The output quantity of the correction stage 116, which is defined as addition in the preferred embodiment, is an input quantity for the following: the torque, which is to be generated by the drive unit for the drive; for overcoming the internallosses; and, for operating ancillary equipment (for example, climate control compressor). This input torque is corrected (preferably added) in a further correction stage 122 by the output quantity DMLLR of the idle control which is weighted in acorrection stage 124. The weighting factor Fl, with which the output quantity of the idle controller is weighted in 124, is dependent upon rpm and/or time. When leaving the idle range, the factor decreases to 0 as a function of time or with increasingengine rpm. The input quantity MISOLL is converted in 126 as known from the state of the art into actuating quantities for adjusting the power parameters of the drive unit. In the case of a spark-ignition engine, the air supply, fuel injection andignition angle are adjusted and, in the case of a diesel engine, the fuel quantity, et cetera, are adjusted.

What is essential is that a correction of the driver command takes place by means of the deceleration command determined in 106 in such a manner that the loss torque, which is superposed in the further course on the torque control, iscompensated. This compensation leads to the situation that the input value MISOLL has a value which leads to a braking action of the engine when the accelerator pedal is released and there is no external intervention. The input value MISOLL isconverted into power parameters of the drive motor. In internal combustion engines, this value is 0 in the ideal case (compensation of the loss torque, idle controller intervention at high rpm not effective). Such a torque value is then realized byswitching off the fuel injection.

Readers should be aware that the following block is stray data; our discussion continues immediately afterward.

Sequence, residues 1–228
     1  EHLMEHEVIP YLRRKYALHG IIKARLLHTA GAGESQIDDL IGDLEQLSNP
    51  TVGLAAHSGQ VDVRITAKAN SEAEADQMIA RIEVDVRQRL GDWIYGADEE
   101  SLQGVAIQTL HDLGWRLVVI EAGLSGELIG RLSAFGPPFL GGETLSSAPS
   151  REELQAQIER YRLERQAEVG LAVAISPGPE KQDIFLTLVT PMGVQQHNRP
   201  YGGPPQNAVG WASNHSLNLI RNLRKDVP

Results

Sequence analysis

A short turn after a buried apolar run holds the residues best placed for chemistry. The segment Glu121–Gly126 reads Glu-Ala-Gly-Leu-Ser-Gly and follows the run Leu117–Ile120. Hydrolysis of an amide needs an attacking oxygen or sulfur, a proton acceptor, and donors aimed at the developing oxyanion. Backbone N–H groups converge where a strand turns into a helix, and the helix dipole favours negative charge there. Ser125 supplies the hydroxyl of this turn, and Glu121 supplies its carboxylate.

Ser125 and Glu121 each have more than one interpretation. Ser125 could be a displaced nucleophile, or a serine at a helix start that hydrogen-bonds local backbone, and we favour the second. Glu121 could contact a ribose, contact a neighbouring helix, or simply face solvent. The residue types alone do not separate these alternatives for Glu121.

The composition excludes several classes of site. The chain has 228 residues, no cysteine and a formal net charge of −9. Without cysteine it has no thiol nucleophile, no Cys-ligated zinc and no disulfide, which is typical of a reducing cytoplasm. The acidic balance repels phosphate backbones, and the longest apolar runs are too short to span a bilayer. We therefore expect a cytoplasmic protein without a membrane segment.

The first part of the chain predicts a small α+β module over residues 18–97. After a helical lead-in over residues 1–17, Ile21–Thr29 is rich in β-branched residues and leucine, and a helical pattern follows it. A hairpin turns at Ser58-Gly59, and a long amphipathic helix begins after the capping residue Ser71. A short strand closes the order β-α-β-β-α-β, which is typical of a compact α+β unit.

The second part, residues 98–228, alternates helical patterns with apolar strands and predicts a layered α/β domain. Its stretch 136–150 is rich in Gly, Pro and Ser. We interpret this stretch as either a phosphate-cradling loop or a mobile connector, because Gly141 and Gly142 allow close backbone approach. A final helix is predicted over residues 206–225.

The weighting of the loss torques to correct the driver command torque takes place in dependence upon the accelerator pedal position and engine rpm so that, for engine rpms which become less, no compensation or no complete compensation of theloss torque is undertaken. The inner losses of the drive motor as well as the requirement of ancillary equipment can be developed by the drive motor in the low rpm range when the accelerator pedal is released.

The factor F3, which also can be interpreted as a deceleration command of the driver, is formed in 106 in dependence upon the accelerator pedal position and the engine rpm. Various embodiments are conceivable which are shown with respect toFIGS. 3 and 4. What is essential is that the dependency of the deceleration command is so pregiven by the two above-mentioned quantities that, for high rpms and released accelerator pedal, an almost complete compensation takes place (F3=1); whereas, atlow rpms or at large accelerator pedal angles, no compensation takes place (F33=0).